Svitov signs with Russian club six weeks after deal with Columbus

Publish date:

Svitov, 24, signed a two-year contract with Columbus on July 2 that would pay him US$1 million this season. No financial details were released of his deal with Omsk, his home town club. Blue Jackets general manager Scott Howson said he would investigate the signing.

"We were informed by Alexander's agent that he has signed a contract to play with Avangard Omsk this season," Howson said in a statement. "We will explore the situation in greater detail with respect to Alexander's contract status and will make a decision after reviewing our options. While this news comes as a disappointment, it creates an opportunity for other players when we open training camp next month."

The six-foot-three 228-pound Svitov was drafted third overall by Tampa Bay in 2001 but never developed into the high-scoring power forward he was slated to become.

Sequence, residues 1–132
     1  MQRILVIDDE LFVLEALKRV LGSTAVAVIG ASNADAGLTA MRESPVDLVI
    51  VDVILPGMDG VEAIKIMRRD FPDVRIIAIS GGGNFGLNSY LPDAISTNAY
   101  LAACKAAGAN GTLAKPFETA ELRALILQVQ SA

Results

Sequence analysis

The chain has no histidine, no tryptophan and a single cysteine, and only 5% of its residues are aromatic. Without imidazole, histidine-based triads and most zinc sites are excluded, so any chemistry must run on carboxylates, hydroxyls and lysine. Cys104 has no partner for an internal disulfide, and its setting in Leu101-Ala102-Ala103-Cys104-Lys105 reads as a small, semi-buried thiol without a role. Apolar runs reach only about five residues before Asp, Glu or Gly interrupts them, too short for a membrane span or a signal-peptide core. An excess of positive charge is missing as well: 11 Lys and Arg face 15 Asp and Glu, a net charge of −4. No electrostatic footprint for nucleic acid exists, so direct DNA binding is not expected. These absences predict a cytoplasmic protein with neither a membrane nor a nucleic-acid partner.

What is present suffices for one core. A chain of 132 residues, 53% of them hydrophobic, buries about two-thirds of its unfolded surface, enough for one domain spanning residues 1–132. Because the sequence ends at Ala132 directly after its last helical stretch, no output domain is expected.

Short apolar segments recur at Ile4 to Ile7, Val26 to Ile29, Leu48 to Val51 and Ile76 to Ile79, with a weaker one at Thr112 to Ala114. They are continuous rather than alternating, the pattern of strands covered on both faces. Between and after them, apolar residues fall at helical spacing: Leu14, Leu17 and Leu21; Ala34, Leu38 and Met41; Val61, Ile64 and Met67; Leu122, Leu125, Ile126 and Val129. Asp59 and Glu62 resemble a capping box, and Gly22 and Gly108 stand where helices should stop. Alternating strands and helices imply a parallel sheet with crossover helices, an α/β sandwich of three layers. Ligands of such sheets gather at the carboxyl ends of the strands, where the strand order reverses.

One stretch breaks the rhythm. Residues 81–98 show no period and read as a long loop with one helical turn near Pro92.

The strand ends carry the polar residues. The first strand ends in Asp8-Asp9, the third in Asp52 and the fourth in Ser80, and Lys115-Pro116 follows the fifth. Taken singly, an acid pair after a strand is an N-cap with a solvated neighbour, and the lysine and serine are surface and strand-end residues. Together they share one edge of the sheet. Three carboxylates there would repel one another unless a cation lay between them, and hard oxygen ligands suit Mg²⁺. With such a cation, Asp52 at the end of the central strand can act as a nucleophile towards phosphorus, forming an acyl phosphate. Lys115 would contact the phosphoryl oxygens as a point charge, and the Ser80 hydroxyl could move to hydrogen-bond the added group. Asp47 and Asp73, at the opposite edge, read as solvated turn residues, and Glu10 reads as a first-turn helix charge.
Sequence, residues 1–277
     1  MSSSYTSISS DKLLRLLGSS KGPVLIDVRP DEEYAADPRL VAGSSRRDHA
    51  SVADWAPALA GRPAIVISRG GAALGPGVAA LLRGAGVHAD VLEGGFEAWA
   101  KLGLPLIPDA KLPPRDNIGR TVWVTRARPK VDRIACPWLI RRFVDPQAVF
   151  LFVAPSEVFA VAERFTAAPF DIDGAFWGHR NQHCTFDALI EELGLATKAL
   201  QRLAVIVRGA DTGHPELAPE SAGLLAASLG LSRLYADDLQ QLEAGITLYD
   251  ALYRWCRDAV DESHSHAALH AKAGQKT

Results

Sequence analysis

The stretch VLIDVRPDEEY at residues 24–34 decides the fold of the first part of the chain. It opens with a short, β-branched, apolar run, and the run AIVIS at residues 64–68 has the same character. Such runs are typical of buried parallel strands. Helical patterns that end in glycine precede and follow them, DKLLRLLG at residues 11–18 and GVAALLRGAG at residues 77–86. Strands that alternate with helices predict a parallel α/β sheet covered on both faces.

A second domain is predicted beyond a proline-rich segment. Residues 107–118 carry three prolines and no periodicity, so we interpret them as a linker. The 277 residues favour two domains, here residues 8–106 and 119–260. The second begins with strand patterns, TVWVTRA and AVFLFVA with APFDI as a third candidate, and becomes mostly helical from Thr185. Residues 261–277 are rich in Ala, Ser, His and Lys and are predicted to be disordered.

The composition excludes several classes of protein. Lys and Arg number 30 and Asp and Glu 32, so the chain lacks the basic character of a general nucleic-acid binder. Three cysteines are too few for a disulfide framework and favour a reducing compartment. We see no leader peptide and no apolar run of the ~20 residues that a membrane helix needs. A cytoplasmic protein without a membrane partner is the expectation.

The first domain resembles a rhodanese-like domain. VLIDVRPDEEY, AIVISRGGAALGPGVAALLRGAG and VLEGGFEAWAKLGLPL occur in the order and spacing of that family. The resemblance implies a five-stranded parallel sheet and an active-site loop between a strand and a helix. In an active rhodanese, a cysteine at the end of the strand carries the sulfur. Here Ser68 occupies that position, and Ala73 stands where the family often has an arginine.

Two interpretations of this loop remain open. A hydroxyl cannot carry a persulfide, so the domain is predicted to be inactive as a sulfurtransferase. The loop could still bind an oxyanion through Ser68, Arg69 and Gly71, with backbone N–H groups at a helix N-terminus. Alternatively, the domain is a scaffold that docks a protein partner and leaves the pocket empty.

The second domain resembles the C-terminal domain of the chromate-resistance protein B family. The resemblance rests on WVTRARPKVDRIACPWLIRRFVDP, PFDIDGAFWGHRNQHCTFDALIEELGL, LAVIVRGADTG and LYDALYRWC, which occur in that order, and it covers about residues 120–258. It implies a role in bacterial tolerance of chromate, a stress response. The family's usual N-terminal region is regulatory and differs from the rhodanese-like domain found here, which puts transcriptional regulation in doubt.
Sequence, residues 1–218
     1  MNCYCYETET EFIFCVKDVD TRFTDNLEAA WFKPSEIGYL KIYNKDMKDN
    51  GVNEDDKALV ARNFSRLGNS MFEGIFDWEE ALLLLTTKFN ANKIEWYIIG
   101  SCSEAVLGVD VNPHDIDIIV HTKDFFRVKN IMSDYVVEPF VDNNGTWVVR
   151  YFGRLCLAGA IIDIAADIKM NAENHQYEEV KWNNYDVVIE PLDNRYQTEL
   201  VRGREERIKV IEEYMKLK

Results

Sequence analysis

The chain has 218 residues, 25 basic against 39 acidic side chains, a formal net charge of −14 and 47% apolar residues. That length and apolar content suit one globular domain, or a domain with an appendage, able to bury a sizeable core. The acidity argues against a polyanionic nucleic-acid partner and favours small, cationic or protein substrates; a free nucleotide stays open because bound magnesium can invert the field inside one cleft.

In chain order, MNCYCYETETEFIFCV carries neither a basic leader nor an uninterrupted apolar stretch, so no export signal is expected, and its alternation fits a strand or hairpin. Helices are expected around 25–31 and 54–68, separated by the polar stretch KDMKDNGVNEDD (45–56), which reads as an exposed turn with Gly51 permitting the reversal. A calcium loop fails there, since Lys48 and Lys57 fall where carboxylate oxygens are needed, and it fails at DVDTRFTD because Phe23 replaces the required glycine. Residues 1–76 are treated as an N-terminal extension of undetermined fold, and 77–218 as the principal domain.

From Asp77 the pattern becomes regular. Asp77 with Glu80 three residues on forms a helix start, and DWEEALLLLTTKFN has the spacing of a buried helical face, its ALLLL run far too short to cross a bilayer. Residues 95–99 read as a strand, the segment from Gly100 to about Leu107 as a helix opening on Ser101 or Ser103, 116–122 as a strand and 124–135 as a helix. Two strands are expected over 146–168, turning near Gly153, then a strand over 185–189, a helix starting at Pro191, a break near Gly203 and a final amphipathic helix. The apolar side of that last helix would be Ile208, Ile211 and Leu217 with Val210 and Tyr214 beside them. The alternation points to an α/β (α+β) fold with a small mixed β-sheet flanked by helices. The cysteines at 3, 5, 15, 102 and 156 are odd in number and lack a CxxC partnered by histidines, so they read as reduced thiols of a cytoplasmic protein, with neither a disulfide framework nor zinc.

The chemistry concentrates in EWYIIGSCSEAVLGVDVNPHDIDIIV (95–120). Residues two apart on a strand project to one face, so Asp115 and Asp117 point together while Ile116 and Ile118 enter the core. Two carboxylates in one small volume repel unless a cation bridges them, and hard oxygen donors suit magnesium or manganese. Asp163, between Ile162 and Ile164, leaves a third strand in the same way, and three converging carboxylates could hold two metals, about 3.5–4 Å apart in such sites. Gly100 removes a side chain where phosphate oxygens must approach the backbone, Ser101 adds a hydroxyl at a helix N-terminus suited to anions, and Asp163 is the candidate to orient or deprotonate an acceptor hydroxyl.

In 179 NHL games, he had 13 goals and 24 assists.

Last season, he had seven goals, 11 assists and 145 penalty minutes. He was acquired by Columbus in 2004 for defenceman Darryl Sydor, plus an exchange of draft picks.

Russian players have been trickling back to their home country the last two seasons, lured by attractive salaries and the lack of a transfer agreement between the Russian league and the NHL.

Former New York Islanders centre Alexei Yashin, an unrestricted free agent, recently signed with Locomotiv Yarolslavl. And former Montreal Canadiens forward Alexander Perezhogin, a restricted free agent, inked a $1.8 million deal with Salavat Ufa on May 8.



From a Molotov Cocktail to an NHL Goalie Coach

The Ducks' Sudarshan Maharaj didn't have an easy road to pro hockey, but he's determined to help future players face less predjudice than he did.


Maple Leafs have Trio of Issues Creep Up in Loss to Senators

Three issues that became of a point of emphasis this summer for the Toronto Maple Leafs to correct were brought to the surface after their loss to the Ottawa Senators.

Detroit Red Wings

Detroit Red Wings: The Almost Playoff Dynasty

The Red Wings of the 1930s were just the third team to win consecutive Stanley Cups. Complacency prevented them from becoming the NHL's first tri-cup dynasty